On January 22, President Obama’s second day in office, Council for a Livable World board member Brig. Gen. John Johns, along with Lt. Gen. Robert Gard, the chairman of our sister organization the Center for Arms Control and Non-Proliferation, stood behind the President in the Oval Office when he signed executive orders related to the incarceration, interrogation, and treatment of detainees. Both Gen. Johns and Gen. Gard wrote about what it was like to be in the Oval Office, and how they came to be activists against the Bush administration’s torture policies.
From Brig. Gen. Johns John (USA, ret.):
On January 22, 2009, I – along with Lt. Gen. Robert Gard, the Center’s chairman – was among 16 generals and admirals of the U.S. Armed Forces who were invited to attend a signing ceremony in the Oval Office, where President Obama signed three directives and a memo addressing policies on torture and the detention center at Guantanamo. Gen. Gard and I have been members of a group of retired flag officers who met at various times with presidential candidates to lobby for changing Bush policies, especially those related to the wars in Iraq and Afghanistan, including torture. We had hoped that President Obama would take action early in his administration on this specific issue, but were elated and surprised that he did so on his second day in office. To take this action immediately reflects the importance the President places on this subject.
The group met in the Roosevelt Room for about 20-25 minutes with the President before the ceremony in the Oval Office. Vice President Biden and members of the legal staff joined the discussion. Both Obama and Biden expressed appreciation for the fruitful meetings they had had with the group during the campaign. President Obama had met for one hour in Des Moines, Iowa and Vice President Biden in New Hampshire. I was struck by the warm and gracious attitude of both the President and Vice President. Both showed a detailed knowledge of the policies on torture and interrogation techniques and fully understood the symbolic value of the changes that were being made.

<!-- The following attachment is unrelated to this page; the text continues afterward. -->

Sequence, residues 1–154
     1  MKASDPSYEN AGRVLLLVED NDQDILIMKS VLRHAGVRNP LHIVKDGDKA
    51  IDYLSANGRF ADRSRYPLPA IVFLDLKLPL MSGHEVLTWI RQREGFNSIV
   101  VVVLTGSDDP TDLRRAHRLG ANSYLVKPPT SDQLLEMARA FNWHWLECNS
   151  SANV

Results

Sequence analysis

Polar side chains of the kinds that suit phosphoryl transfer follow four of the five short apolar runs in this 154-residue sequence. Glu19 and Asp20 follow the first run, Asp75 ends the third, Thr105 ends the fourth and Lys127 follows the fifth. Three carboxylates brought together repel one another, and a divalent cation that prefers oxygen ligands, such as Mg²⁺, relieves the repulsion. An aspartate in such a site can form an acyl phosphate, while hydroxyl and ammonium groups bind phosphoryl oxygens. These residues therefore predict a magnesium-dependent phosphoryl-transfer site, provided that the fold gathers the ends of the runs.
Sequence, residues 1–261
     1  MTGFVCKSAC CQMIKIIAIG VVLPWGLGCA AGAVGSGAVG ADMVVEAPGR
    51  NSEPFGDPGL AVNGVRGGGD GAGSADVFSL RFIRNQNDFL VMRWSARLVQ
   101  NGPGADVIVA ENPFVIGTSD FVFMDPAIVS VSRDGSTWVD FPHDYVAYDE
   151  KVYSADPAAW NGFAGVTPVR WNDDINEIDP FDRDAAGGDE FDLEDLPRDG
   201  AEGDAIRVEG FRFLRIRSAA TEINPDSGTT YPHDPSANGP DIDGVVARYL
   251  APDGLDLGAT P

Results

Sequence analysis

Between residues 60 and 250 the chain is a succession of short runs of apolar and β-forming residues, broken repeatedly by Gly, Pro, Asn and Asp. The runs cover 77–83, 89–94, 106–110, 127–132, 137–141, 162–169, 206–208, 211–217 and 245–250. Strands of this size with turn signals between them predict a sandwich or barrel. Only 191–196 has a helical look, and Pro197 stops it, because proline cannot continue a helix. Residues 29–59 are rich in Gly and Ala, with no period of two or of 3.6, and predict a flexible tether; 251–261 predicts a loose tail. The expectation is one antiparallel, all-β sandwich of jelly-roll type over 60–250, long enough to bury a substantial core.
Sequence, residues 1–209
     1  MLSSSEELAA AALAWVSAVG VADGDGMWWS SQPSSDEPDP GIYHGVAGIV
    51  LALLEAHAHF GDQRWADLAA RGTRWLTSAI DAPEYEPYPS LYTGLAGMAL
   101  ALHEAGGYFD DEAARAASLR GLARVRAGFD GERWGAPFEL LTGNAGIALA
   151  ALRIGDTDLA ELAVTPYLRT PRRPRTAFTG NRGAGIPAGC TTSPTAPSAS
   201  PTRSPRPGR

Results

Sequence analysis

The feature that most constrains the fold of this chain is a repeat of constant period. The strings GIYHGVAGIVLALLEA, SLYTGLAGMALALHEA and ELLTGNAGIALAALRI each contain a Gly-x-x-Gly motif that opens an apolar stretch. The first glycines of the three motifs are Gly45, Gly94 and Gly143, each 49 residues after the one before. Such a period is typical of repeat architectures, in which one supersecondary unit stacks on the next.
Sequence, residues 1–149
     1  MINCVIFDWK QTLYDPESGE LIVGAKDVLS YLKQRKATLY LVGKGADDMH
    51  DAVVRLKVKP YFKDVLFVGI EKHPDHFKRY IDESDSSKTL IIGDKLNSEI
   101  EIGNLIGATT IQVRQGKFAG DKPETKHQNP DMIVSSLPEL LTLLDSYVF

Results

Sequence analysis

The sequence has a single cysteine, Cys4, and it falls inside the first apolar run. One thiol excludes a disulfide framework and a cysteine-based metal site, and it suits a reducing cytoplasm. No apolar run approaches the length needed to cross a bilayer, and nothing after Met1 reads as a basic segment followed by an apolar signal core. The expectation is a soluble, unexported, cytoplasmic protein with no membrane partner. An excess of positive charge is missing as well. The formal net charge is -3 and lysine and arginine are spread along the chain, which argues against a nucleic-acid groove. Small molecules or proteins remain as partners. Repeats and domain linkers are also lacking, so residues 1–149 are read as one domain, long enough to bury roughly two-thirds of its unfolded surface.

From Lt. Gen. Robert Gard (USA, ret.)::
On January 22, President Obama’s second day in office, I, along with 15 other retired general and flag officers, stood behind the President in the Oval Office when he signed executive orders related to the incarceration, interrogation, and treatment of detainees. I have been asked to explain how that occurred and to report on the visit to the White House.
My outrage began and built up as the Bush administration directed flawed military operations in Afghanistan in 2001-2002, and in Iraq beginning in 2003, coupled with the President’s reversal of past policy with his announcement that the Geneva Conventions did not apply to terrorists we detained. There was a “surge” in my outrage when I, along with virtually every other American, was shocked by the pictures and reports of abuse of detainees in the Abu Ghraib detention facility in Iraq. My outrage hit a new plateau on reading a report on the front page of the 8 June 2004 Washington Post exposing a Department of Justice memo, issued in August 2002 to the White House Counsel.
That memo advised that torturing al Qaeda terrorists in captivity abroad “may be justified” and that international laws against torture “may be unconstitutional if applied to interrogations” conducted in the war on terrorism. The memo went so far as to claim that to qualify as torture, the pain or suffering inflicted on a victim “must be equivalent in intensity to the pain accompanying serious physical injury, such as organ failure, impairment of bodily function, or even death.” Needless to say, this put the abuse at Abu Ghraib and allegations of similar conduct in other detention facilities, including Guantanamo Bay, in a much broader context.
Coincidentally, two days later, on 10 June 2004, I was surprised to receive an email from Peter Loge, Senior Vice President of M&R Strategic Services. In the mid to late 1990s, Peter had been associated with the Vietnam Veterans of America Foundation, the founder/manager of the international campaign to ban anti-personnel land mines. During part of the time, I was serving as the campaign’s senior military advisor. In his email message, Peter advised me that Human Rights First, formerly Lawyers Committee for Human Rights, planned to hold a press conference a week later.